passages, some of which are quite chromatically tortured, the voice-leading can be heard with a clarity that resolves the harmony instead of making it sound, as it not infrequently does, like an exercise in early atonality. Try the “Te decet hymnus” early on in the Introitus to hear what I mean. Or for an example of the intricate interplay of complex and competing rhythms between choir and orchestra, listen to the Sanctus. I was able to hear details in the choral counterpoint I previously knew were there only from reading the score.
Have I heard a
more likely than this one to rouse the neighbors if not the dead? Probably. Gergiev’s bass drum on Philips can rattle your windows and give you a real punch in the gut. But Verdi’s Requiem—even the
—is about so much more than visceral thrills and theatricality. Rilling’s “Day of Wrath” packs plenty of wallop, but it projects something beyond a sonic boom, something I think Verdi intended, and that is a palpable sense of bearing witness to Divine retribution. You hear it in this performance not just in the blasting of the trumpets and blaring of the brass, but in the little quaking and trembling figures in the clarinets and bassoons. Just as there is spectacular clarity, separation, and delineation in the choral parts, so too do the smallest details in Verdi’s orchestral score emerge with stunning presence.
The vocal quartet is superb. As with the chorus, when singing together unaccompanied by the orchestra, their intonation doesn’t waver. It’s really quite remarkable, and such a pleasure, to listen to the unaccompanied mezzo, tenor, and bass sing the passage beginning with the words “Requiem aeternam” in the Lux aeterna (at 1:47 on track 3 of disc 2), and be able to hear which way Verdi’s chromatic voice-leading is heading. Others I’ve heard head straight into a non-tonal no-man’s land.
In my experience, perhaps no tenor will ever produce the hushed and honeyed Hostias managed by Jon Vickers in his recording (another on EMI) with Barbirolli, but Alfred Kim comes close for Rilling. For the soprano, the ultimate test is her extended solo against the
choir in the closing Libera me movement. Luba Orgoná?ová is phenomenal, floating her voice above the choir like an angel, and landing on her high note at the end with effortless grace and a tone of pure silver that hangs in the air with the resonance of a flute.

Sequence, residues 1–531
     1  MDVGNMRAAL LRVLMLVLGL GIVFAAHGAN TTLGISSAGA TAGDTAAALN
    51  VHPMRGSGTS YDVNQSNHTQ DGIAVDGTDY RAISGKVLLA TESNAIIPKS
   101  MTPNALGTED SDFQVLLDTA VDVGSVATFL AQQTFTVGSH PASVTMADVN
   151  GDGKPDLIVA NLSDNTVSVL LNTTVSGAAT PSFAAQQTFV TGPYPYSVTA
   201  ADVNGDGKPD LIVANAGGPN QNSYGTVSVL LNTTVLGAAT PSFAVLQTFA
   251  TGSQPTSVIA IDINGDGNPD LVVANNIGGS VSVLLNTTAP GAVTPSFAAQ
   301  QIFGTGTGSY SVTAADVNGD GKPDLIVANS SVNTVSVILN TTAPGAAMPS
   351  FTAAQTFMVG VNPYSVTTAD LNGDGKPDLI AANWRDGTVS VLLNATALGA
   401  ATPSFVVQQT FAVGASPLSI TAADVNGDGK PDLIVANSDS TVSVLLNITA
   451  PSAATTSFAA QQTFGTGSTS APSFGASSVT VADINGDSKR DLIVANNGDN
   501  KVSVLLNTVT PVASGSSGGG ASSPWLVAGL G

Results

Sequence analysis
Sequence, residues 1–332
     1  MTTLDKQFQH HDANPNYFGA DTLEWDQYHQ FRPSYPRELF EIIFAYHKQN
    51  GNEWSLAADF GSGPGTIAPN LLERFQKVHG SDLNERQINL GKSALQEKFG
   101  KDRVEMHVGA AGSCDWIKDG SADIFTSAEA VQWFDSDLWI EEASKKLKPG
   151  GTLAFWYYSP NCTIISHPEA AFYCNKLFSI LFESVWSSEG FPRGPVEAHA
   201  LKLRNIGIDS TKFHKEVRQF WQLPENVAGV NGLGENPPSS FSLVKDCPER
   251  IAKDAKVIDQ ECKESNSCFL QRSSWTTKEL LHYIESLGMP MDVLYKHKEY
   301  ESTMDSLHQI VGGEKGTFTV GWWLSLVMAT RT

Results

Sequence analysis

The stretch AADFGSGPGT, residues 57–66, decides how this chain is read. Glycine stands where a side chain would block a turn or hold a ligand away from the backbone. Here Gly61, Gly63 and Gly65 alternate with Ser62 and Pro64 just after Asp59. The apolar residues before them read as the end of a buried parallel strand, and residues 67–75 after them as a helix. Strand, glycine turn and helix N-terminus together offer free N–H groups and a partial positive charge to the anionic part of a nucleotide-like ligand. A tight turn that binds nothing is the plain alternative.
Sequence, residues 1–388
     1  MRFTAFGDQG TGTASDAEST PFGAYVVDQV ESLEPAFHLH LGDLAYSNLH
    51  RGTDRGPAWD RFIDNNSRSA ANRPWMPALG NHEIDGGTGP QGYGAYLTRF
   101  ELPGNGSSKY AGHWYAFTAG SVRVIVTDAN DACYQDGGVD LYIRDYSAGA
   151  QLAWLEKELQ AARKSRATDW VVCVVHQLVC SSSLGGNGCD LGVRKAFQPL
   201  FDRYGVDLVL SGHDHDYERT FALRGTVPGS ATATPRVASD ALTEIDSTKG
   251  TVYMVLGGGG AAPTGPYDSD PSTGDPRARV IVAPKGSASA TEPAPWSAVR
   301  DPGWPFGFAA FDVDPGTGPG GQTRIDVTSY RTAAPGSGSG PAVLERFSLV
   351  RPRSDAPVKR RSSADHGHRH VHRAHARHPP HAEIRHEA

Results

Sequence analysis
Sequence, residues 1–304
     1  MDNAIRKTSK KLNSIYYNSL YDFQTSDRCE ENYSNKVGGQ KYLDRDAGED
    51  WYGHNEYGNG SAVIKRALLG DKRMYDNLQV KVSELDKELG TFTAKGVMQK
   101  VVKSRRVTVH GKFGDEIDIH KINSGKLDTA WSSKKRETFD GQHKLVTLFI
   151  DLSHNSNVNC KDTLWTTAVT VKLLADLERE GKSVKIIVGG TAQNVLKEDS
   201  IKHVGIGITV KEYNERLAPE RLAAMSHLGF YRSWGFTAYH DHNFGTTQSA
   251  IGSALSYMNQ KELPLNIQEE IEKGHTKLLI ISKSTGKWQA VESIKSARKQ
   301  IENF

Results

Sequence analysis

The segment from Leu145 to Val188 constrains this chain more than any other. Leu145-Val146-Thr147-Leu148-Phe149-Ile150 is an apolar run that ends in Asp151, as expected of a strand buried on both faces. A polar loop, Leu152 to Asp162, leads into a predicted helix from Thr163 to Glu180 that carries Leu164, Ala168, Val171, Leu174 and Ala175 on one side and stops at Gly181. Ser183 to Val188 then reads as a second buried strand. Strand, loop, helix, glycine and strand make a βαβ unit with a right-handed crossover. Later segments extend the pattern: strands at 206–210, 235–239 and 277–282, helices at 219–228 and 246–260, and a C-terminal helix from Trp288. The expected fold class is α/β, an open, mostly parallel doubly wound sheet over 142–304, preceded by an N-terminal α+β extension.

I’ve listened to lots of Verdi Requiems over the years (I’ve even had the experience of playing in a performance of it, and it’s damn hard), but rarely have I enjoyed the piece as much as I have with this new recording. If I have one small complaint, it’s that Hänssler has provided the entire Requiem with only seven tracks—three on disc 1 and four on disc 2. The entire Sequenz, for example—all 38 minutes of it—is contained in one band, so that if you wish to access the Lacrymosa, the only way to do so is by fast-forwarding all the way through track 2 on disc 1. No other recording of the Requiem I know provides so few access points. I doubt that it costs more to divide a disc into additional separate tracks. This was an unfortunate decision on Hänssler’s part.
Other than that, in my opinion, this will now be my modern Verdi Requiem of first choice. It’s a fantastic accomplishment.
FANFARE: Jerry Dubins
Works on This Recording
Requiem Mass by Giuseppe Verdi
Luba Orgonasova (Soprano),
Anke Vondung (Mezzo Soprano),
Carlo Colombara (Bass),
Alfred Kim (Tenor)
Gächinger Kantorei Stuttgart,
Stuttgart Radio Symphony Orchestra
Written: 1874; Italy
Venue: Beethovensaal, Liederhalle Stuttgart
Length: 86 Minutes 0 Secs.
Messa da Requiem: Requiem: Requiem aeternam
Messa da Requiem: Dies irae
Messa da Requiem: Offertorio
Messa da Requiem: Sanctus
Messa da Requiem: Agnus Dei
Messa da Requiem: Lux aeterna
Messa da Requiem: Libera me